The history of the funding of the homeless shelter in question is suffused with subterfuge, double talk and, evasion. The case began with an application by local organizations upset by the opening ofa shelter for homeless families in what was advertised to the public as a luxury rental residence. Local applicants complained of being turned away when they made inquiries about renting apartments. Notwithstanding the use of the term luxury in publicizing the new building, the Department of Homeless Services ended up paying more than the general public would have paid in rents. The Department of Homeless Services defends this proceeding on the ground that it is absolved ofcompliance with the procurement of provisions of310(1)ofthe City Charter and PPB Rule 1-02(a), because the arrangement made concerning the apartments used to house homeless families did not involve the purchase ofgoods or services to be paid for out ofthe City treasury or out of money under the control of, or assessed by or collected by the City (citing City Charter 3101(1)). Whence cometh, once might ask,the funds used to cover the checks written to the landlord or community service in question? Obviously here, there is an internecine dispute over the interpretation of the City charter provisions for procurement ofservices. As a general proposition,"[W]here a statute is subject to interpretation, the court will in general defer to the construction given to it by the agency responsible for its administration, as long as the construction is not unreasonable or irrational(23REALTYASSOC. v. TEIGMAN,213 A.D.2d 306,308,624 N.Y.S.2d 155 [1st Dept.1995]). The opinion ofthe City Comptroller, who is responsible for the administration of the City exchequer is that the Department of Homeless Services has acted outside of its authority by entering into contracts for housing and related services without complying with the City Charters. In this back forth, I find myselfin agreement with the Comptroller, as the responsible entity, and I also hold that its opinion is neither irrational nor unreasonable. The Respondents do not convincingly challenge the notion that to supply housing is to supply a service [CITY OF NEW YORK v. SMARTAPARTMENTSLLC, 39 Misc.3d 221, 959 N.Y.S.2d 890,2013 N.Y. Slip Op.23054,"a transient resident is a consumer ofconsumer goods and/or services. "]The families installed in the St. Peters house, were at the least transient residents, if not more, considering the plan for the building. Iflong or short term housing is a service, then compliance with applicable procurement rules is required.In this case, both the original petitioners and the Comptroller argue that the Department ofHomeless Services made certain improper representations atthe beginning ofthe proceeds that were proved untrue.I so found in my second decision, after first coming down in favor ofthe Respondents. My change of heart was based on the actions of the Respondents, not their representations. I find the hair splitting by the Respondents to be strained. I challenge the Respondents, the operators of St: Peters, the program hired to oversee the residents of St. Peters, to describe the difference between the per diem period of operation and the contract period. Also, in the context of this proceeding, it is impossible to ignore the black op tenor surrounding the formalization of the agreement with St. Peters. The attorney for the Comptroller advised in open court that it could not, as I suggested, cut offthe money supply when it is dissatisfied with the submission by the Respondents. 79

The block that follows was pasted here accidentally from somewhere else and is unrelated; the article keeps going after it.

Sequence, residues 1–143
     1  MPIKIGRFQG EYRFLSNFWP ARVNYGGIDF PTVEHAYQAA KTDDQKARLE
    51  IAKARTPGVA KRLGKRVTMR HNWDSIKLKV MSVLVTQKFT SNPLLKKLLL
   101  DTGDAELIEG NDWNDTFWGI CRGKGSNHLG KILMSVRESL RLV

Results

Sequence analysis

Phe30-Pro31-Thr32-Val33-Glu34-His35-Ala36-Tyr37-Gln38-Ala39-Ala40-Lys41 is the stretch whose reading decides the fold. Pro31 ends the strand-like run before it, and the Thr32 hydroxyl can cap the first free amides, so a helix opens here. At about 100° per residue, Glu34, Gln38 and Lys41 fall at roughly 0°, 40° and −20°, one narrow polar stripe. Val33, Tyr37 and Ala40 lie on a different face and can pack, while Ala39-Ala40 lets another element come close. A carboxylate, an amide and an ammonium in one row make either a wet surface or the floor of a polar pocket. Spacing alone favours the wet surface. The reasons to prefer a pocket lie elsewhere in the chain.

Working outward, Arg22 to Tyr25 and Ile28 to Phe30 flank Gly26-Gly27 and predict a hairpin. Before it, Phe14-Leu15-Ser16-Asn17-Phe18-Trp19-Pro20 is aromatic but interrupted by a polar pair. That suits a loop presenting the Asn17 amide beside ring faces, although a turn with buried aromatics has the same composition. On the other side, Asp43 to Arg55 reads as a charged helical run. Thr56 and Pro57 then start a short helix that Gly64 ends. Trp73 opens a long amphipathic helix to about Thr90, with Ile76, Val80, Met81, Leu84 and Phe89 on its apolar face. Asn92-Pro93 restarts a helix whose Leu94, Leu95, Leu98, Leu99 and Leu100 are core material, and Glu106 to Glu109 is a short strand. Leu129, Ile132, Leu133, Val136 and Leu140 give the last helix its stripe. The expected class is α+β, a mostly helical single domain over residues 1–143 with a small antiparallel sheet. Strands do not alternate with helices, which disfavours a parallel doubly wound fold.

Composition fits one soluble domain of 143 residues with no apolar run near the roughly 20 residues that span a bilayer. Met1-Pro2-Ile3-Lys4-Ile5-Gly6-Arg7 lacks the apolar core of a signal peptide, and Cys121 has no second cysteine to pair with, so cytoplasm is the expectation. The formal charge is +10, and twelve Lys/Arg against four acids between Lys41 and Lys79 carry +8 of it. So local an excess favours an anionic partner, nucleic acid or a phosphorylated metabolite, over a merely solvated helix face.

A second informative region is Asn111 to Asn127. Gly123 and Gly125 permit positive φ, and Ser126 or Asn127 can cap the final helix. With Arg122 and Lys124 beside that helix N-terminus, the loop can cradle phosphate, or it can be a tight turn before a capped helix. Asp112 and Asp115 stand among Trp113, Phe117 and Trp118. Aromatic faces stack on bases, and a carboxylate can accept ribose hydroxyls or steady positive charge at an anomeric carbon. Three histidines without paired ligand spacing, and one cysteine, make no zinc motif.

The Respondents, having offered, in defense of their actions, reasons why the City Charter does not apply, offers no examples of when its requirements must be adhered to. To accept the Respondents' view,no procedure is necessary before committing the City to long term, potentially budget destroying expenditures. In essence, the Department of Homeless Services has made itself a little like a CIA black op, spending unbudgeted funds without apparent restraint. I find the attempts at hair splitting by the Respondents to be unpersuasive. To accept their arguments would be to vitiate, if not annul the City Charter. The motion for a declaration that the procedure followed in this instance is contrary to statute is granted. The Comptroller has cogently set forth a viable procedure already in existence for emergency procurement. There is no credible explanation as to why the Respondents apparently made no effort to make use of the emergency procurement procedures referred to by the Comptroller. The cases e~ibited by the Comptroller evidence a prompt response time when recourse to the emergency procurement system is employed. In sum,then, the Dept. OfHomeless Services circumvented established rules for the funding ofits activities without an acceptable excuse. I therefore declare that the practice of entering into housing/service agreements for clientele is contrary to law, and not excused by allegedly exigent circumstances. This constitutes the decision and order of the Court.

Dated: May 31, 2013 GEOFF'R~Y ~.~VR~GH1'